The future of AI: ridiculous, dangerous or obvious?

Artificial intelligence disturbs, scares and questions. My Digital Week asked Mohamed Senhadji, Manager Sales Strategy & Customer Experience at SQLI, to share his thoughts and experience on the subject.

MyDigitalWeek:  Can AI be seen as just another technology that helps to improve and perfect existing processes or is it more than that?

Why?Mohamed Senhadji: Science fiction and Hollywood have really stirred up people's imaginations about AI, raising fears in the most sceptical among us (we're still a long way from the singularity: i.e. self-improving higher intelligence). AI is currently a catch-all term. There are several such technologies and today these are mainly technologies used to process and analyse very large quantities of data in order to identify system patterns or models.In my opinion, in the same way that the development of the oil industry and the discovery of radio waves revolutionised and shaped our world today, AI will shape the world of tomorrow and have a major effect on society. It will definitely do more than just perfect existing processes and will create new ones.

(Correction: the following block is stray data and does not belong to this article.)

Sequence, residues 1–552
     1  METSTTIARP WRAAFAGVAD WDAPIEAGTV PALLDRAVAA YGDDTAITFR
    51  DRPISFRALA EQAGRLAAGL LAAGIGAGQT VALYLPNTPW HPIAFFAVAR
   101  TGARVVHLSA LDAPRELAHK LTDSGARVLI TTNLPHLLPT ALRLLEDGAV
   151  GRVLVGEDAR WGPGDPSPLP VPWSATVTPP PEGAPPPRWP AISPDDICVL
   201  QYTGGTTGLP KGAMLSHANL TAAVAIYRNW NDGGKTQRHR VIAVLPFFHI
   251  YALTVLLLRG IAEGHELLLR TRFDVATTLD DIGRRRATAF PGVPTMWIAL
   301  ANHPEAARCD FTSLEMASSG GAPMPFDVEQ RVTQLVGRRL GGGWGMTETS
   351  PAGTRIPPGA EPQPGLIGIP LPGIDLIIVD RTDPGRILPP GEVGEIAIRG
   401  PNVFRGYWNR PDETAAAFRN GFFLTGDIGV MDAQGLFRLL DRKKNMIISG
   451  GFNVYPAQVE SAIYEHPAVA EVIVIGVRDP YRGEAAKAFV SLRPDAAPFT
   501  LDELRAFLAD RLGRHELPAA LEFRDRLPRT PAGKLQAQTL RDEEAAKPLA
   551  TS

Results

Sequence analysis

In the early 2000s, the main aim of AI research was to "intelligently" delegate repetitive and low-added-value tasks: e.g. autonomous driving and automatic message processing. Certain recent exploits have seen it display a form of intelligence: this was particularly the case when DeepMind's AlphaGo programme beat the best Go player - this was not expected for another twenty years.

The Chinese AI that enables much more accurate identification of brain tumours successfully established 87% correct diagnoses out of 225 cases in just 15 minutes. And the doctors? They achieved 66% accuracy in 30 minutes. For expanding cerebral haematomas, the AI established the correct diagnosis in 83% of cases compared to only 63% for the group of doctors.Similarly, in the legal profession, Casecrusher, the AI lawyer, beat by practically the same rates a group of lawyers examining cases of mis-selling of insurance policies.